Currently, all coffee on the farm is processed using the fully washed method. In former times, when there was no demand for naturals (and water was abundant), this was simply the most efficient way to process. This being said, Stella and Clemens son, Paul, who will take over Quality Control on the farm when he finishes his studies in Agricultural Sciences in Berlin, has recently experimented with Naturals and Honeys. Initial results were good, though Paul admits that some tweaking is needed here and there in order to scale the project. The aim is to be able to produce high quality Natural and Honey lots by 2020, by which time he hopes that the Tanzanian Coffee Board will open up more towards such ventures. Paul and his young wife, who will also accompany him home, hope to help his parents transform the farm even further, to start new projects on the ground, such as controlled fermentation, and others that are not directly related to coffee. Paul says, “At Lunji we see that we need to re-think our system, improve our coffee, maybe even reduce our coffee production area, and substitute with other things that may be beneficial for the coffee and the farm in general.”
After being selectively hand-picked, coffee is sorted to remove all debris and damaged cherries before being pulped on the same day using the farm’s 4 disc Mckinnon Pulper, which is electrically powered. In case of a power shut-down during the pulping hours, a 60 year old Lister engine powers the same pulper in order that the coffee is pulped immediately after picking.
The coffee is then conveyed to the fermentation tanks using fresh water, where it ferments for around 24 hours. The parchment is then fully washed before being washed again through the grading channel. The grading channel has several wooden stoppers at different heights. In this way the coffee is again sorted, whereby the floaters and possible debris will pass over the high-set stoppers while the heavier beans will remain at the top of the channel, held in place. This separation ensures a further quality control.
After fermentation and washing, the coffee is dried on raised beds for between 9 to 13 days, depending on the weather. During this time, the coffee is regularly turned and sorted to remove any damaged beans and debris.
The coffee is eventually rested at a dry mill some 25km away from the farm. Upon milling, it is sorted according to screen size and density. Grading is as PB, AA, A, B, C, E, F, AF, TT, UG. In 2017/18 52% of the farm’s crop was defined as AA, which is a very good percentage and speaks to the cultivation methods. This particular microlot we purchased is an AA.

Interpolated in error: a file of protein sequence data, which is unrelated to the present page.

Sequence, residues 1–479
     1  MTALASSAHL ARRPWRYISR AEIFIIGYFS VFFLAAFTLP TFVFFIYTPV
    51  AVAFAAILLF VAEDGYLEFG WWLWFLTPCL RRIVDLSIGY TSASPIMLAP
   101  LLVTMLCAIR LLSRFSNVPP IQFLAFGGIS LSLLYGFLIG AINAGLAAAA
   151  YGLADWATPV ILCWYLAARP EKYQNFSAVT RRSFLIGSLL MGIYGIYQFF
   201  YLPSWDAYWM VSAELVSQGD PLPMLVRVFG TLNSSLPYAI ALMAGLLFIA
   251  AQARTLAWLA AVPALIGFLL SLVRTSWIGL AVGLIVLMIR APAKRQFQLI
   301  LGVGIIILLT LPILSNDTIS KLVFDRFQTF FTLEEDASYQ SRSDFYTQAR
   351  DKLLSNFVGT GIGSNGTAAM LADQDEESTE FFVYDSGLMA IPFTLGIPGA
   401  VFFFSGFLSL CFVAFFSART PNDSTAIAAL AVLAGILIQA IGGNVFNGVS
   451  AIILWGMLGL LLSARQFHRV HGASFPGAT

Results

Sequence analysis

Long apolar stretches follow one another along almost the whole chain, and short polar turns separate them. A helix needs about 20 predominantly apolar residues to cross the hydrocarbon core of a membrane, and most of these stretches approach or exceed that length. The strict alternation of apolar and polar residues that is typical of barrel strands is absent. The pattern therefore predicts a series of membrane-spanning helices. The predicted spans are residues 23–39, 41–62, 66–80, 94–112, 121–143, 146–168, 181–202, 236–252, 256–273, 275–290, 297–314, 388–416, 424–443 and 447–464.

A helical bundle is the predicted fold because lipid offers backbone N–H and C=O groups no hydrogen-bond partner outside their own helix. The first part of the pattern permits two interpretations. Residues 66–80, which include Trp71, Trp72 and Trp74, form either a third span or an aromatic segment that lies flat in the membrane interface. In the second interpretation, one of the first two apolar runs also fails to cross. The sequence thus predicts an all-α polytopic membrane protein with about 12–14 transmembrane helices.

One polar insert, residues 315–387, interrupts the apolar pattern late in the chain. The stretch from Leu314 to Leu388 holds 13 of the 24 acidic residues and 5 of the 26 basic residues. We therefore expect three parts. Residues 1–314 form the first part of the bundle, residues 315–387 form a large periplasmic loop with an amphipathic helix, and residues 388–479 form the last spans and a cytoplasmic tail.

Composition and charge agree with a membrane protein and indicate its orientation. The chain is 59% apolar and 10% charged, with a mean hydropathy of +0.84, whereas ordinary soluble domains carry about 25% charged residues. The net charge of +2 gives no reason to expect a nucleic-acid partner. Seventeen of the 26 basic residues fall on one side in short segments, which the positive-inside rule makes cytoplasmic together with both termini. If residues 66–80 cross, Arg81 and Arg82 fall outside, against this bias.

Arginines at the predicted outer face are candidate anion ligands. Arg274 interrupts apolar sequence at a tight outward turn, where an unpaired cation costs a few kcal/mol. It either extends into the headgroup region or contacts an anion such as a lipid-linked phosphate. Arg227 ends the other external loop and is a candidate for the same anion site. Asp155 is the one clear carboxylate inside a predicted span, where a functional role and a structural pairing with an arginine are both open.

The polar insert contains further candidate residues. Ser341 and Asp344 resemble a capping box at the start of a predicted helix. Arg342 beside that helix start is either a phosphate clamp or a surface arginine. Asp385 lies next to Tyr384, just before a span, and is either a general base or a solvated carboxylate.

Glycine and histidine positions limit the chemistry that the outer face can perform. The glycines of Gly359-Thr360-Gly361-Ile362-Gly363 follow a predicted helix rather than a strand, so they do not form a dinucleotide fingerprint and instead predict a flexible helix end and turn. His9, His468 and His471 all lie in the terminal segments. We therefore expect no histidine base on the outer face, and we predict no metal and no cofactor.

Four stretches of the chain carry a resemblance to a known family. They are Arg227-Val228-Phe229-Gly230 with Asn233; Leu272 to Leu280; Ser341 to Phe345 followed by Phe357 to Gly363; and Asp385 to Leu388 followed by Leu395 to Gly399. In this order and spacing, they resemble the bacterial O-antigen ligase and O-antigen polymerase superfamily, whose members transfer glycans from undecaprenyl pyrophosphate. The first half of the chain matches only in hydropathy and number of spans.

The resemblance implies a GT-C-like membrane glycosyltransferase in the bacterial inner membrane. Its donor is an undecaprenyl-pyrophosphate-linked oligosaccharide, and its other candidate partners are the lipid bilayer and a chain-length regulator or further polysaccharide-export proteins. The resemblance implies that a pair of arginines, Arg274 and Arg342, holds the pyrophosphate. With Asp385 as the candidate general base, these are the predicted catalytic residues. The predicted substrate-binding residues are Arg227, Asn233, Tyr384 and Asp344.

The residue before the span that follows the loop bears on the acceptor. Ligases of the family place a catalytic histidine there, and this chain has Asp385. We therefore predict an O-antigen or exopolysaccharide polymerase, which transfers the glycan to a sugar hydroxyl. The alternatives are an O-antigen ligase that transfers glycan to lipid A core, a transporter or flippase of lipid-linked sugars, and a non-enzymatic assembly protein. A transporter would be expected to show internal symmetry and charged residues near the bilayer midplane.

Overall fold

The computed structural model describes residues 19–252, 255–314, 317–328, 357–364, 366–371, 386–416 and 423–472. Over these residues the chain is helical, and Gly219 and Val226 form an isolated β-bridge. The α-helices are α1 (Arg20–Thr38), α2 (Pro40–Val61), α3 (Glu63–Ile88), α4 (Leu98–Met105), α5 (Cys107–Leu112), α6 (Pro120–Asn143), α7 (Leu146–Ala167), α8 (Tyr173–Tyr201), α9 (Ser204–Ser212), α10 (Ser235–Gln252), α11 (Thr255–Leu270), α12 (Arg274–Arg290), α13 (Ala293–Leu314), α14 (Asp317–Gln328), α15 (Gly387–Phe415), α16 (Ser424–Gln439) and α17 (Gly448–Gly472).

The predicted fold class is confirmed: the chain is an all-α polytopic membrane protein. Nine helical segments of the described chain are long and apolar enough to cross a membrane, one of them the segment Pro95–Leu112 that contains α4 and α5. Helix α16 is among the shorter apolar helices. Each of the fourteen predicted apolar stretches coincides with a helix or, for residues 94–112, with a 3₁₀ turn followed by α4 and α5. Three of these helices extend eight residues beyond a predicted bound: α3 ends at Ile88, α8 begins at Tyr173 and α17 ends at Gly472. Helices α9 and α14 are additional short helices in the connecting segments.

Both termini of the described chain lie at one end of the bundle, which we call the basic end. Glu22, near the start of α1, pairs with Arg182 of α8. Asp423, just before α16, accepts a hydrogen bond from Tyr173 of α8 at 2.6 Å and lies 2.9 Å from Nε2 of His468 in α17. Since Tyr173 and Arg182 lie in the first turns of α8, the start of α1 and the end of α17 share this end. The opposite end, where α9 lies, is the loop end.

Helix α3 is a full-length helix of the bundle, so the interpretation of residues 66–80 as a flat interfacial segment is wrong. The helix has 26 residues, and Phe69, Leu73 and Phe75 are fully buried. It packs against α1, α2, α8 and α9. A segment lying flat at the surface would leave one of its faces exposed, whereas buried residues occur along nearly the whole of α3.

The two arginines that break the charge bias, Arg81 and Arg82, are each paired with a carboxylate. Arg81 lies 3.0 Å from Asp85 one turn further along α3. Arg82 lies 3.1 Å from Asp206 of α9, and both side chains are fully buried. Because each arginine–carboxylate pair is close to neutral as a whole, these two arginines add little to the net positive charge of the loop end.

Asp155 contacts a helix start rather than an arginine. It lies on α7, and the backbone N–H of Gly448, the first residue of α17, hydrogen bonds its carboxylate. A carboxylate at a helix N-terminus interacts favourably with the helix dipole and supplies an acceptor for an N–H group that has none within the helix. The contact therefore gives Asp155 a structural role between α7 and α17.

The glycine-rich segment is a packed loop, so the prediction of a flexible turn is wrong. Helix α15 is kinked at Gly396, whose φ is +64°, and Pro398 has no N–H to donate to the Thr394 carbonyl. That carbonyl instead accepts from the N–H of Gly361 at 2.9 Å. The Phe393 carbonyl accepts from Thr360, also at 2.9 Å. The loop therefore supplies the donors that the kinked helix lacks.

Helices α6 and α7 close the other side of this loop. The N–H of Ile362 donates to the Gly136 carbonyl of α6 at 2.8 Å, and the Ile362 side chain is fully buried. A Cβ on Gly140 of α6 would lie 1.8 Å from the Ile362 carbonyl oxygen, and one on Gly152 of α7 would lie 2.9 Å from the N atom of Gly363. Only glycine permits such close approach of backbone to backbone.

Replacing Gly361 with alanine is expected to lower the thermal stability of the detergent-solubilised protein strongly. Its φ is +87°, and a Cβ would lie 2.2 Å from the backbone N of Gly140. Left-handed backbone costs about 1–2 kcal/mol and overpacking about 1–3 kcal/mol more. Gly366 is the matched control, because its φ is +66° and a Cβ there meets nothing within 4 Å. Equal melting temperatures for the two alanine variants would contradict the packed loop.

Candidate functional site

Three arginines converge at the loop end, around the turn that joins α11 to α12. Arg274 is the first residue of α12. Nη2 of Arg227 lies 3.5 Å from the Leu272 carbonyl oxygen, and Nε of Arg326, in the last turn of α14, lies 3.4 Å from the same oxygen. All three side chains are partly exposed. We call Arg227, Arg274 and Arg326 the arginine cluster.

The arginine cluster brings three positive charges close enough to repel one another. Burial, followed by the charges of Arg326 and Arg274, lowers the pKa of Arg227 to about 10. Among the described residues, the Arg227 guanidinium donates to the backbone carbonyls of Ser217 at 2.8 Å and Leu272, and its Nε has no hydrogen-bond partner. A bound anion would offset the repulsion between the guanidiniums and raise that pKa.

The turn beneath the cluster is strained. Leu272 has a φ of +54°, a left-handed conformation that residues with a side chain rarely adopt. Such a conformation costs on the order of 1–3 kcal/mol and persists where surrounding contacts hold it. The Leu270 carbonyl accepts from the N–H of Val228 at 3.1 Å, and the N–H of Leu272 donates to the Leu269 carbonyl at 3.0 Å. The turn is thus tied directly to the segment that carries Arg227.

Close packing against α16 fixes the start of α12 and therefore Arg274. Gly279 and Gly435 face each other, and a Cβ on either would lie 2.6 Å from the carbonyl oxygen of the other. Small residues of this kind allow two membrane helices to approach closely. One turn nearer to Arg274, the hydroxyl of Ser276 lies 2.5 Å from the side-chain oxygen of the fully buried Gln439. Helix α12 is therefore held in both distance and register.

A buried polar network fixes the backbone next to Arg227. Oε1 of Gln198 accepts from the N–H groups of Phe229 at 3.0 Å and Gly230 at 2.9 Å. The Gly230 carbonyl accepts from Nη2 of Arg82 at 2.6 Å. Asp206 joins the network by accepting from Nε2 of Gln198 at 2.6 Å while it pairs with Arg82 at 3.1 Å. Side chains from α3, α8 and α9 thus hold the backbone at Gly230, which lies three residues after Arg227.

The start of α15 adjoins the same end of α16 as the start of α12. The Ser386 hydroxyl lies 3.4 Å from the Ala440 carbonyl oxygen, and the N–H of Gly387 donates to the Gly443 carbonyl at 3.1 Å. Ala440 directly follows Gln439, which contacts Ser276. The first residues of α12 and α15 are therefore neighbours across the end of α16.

Environmental stewardship is important for the Moier family. Already, around 35% of the farm is under conservation. Hoping to improve the situation for flora and fauna, they have also undergone a project to reforest sections of the Mbeya Range Forest Reserve, which partially borders the farm and which is also the water catchment area for the whole community.
Equally, Lunji sees itself very much part of the wider community. Most of the farm’s workers have worked on the farm for more than two decades, and a number of them are descendants of people who had worked on the farm in former years. Lunji pays wages according to the skills and position of the employee, which is above the legal minimum wage in all cases. The fact that the workers stick with the farm through thick and thin (as been many times in the past) is evidence of a healthy relationship.
Paul is a big believer in innovation and education with regards to coffee. He wants to begin coffee quality classes both for workers on the farm and for farmers from the area. The Mwankumbi Group is a project he co-founded with neighboring farmers in 2017. The project started when a buyer from Germany visited Lunji, at which point Paul invited smallholder farmers from the region to bring some of their own coffee for a cupping. While cupping and talking about coffee, the farmers expressed their desire to form a group that could collectively market and sell their coffee. The main goal was to gain better prices for the coffee, since the quality is already very good. Many meetings followed, and Paul was elected as the chairman by the members to lead the group and give it a face on the international market. After registering the group and setting up the structure for doing so, the group collected 13 tonnes of parchment in 2017/18 and brought it to the mill and auction. Lunji Estate supported the group by providing the office for the meetings, the vehicle for registration procedures and offering the warehouse for coffee collection. They hope to continue support for future harvest seasons.